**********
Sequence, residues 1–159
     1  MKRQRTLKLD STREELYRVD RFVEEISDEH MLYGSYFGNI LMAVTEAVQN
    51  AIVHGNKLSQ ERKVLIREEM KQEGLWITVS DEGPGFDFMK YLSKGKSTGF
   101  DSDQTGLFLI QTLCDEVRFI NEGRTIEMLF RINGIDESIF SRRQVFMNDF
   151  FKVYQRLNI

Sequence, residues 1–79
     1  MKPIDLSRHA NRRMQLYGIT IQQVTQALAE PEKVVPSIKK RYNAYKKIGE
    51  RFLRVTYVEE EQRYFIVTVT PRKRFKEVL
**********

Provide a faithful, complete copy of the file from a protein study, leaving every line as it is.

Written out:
Sequence, residues 1–159
     1  MKRQRTLKLD STREELYRVD RFVEEISDEH MLYGSYFGNI LMAVTEAVQN
    51  AIVHGNKLSQ ERKVLIREEM KQEGLWITVS DEGPGFDFMK YLSKGKSTGF
   101  DSDQTGLFLI QTLCDEVRFI NEGRTIEMLF RINGIDESIF SRRQVFMNDF
   151  FKVYQRLNI

Sequence, residues 1–79
     1  MKPIDLSRHA NRRMQLYGIT IQQVTQALAE PEKVVPSIKK RYNAYKKIGE
    51  RFLRVTYVEE EQRYFIVTVT PRKRFKEVL